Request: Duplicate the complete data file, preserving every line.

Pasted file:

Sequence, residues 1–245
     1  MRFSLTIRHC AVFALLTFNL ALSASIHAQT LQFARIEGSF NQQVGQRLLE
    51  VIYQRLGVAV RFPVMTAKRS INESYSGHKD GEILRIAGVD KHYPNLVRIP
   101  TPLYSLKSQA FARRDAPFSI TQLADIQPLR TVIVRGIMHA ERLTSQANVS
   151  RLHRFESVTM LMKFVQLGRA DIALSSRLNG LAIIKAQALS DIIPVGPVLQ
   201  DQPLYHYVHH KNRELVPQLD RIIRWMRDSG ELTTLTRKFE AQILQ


Sequence, residues 1–245
     1  MRFSLTIRHC AVFALLTFNL ALSASIHAQT LQFARIEGSF NQQVGQRLLE
    51  VIYQRLGVAV RFPVMTAKRS INESYSGHKD GEILRIAGVD KHYPNLVRIP
   101  TPLYSLKSQA FARRDAPFSI TQLADIQPLR TVIVRGIMHA ERLTSQANVS
   151  RLHRFESVTM LMKFVQLGRA DIALSSRLNG LAIIKAQALS DIIPVGPVLQ
   201  DQPLYHYVHH KNRELVPQLD RIIRWMRDSG ELTTLTRKFE AQILQ